The type of needle used during a lumbar puncture makes a significant difference in the subsequent occurrence of headache, nerve irritation, and hearing disturbance in patients, according to a study published in The Lancet.
They study also found that the pencil-point atraumatic needle with the better tip design, which has been available for about 70 years, is used by few physicians because they have not been aware of its benefits over the conventional bevelled traumatic needles.
The implications on clinical care are huge, said senior author Saleh Almenawer, MD, Hamilton Health Sciences, Hamilton, Ontario.
“There is a more than 50% reduction in the occurrence of headaches with the atraumatic needles, and also more than a 50% reduction in patient readmissions and return to emergency rooms for narcotics or blood patches.”
The study found that using atraumatic needles rather than conventional traumatic needles for lumbar punctures is just as effective and results in a significant decrease in complications such as headaches.
“The 2 needles differ in how they penetrate the thick membrane, called the dura, surrounding the nerves,” said Dr. Almenawer.
He explained that the sharp edges of the tip of a conventional needle cuts its way through, while the tip of an atraumatic needle causes the tissue to dilate and contract around it. The tiny hole left in the dura by the atraumatic needle makes it significantly more difficult for cerebrospinal fluid to leak through, thus diminishing the frequency of headaches, readmissions and treatment.
The study pooled data from 110 clinical trials, with more than 30,000 participants in 29 countries across the past 28 years.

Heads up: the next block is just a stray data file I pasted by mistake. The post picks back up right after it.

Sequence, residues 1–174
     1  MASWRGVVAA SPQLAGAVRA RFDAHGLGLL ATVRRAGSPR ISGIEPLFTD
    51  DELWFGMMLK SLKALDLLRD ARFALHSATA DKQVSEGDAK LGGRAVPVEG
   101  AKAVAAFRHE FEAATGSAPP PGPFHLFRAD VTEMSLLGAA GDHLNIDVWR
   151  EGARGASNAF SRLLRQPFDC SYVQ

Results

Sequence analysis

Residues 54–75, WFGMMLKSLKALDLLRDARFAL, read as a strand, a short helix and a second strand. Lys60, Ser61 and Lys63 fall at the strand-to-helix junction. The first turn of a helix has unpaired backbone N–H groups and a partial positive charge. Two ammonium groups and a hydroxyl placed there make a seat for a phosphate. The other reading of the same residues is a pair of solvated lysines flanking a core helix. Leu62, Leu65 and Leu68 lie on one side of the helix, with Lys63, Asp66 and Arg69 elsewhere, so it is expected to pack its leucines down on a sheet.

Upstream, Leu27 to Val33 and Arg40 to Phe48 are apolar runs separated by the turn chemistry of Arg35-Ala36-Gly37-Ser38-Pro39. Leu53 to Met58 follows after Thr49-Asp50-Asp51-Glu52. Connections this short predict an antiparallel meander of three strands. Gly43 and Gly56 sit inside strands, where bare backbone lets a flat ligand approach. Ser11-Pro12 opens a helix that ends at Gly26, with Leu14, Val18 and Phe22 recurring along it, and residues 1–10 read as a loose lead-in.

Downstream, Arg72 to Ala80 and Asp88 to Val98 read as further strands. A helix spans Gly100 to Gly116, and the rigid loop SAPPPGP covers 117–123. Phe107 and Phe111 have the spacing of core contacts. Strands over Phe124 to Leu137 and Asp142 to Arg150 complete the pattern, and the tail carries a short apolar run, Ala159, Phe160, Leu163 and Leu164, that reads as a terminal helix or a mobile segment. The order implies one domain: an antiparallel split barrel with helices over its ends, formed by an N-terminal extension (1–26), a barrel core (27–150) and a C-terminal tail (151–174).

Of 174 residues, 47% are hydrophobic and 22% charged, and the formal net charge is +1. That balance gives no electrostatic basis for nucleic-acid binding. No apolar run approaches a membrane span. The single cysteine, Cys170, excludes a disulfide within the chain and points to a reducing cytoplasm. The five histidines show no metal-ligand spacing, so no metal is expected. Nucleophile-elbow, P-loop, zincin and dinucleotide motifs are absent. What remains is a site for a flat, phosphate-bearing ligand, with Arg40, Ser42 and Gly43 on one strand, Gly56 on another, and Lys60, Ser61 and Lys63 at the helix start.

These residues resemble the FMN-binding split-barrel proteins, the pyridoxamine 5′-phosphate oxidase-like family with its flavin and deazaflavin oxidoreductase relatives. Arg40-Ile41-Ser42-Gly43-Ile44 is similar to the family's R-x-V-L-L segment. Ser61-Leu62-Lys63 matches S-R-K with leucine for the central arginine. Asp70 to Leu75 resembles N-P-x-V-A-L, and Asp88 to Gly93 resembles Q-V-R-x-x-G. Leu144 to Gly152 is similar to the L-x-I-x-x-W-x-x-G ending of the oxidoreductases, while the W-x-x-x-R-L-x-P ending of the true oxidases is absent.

Atraumatic needles have been around for decades, but their use remains significantly limited, according to the researchers. They also found the atraumatic needles cost the same or up to 3 times as much as the more conventional type.
“Several surveys from around the world showed that only a fraction of physicians know atraumatic needles exist, and among those even a smaller portion use the atraumatic type,” said Dr. Almenawer. “Lumbar puncture is a standard procedure, with thousands done every day around the globe by physicians of many specialties. Unfortunately, conventional needles created in 1890 are still the default in most hospitals around the world. This study provides convincing high-quality evidence for people to change to the atraumatic needles for a better patient care.”
In an accompanying editorial, Diederik van de Beek, MD, and Matthijs Brouwer, MD, University of Amsterdam, Amsterdam, the Netherlands, wrote: “Clinicians should start using atraumatic needles for lumbar punctures. We need to change practice.”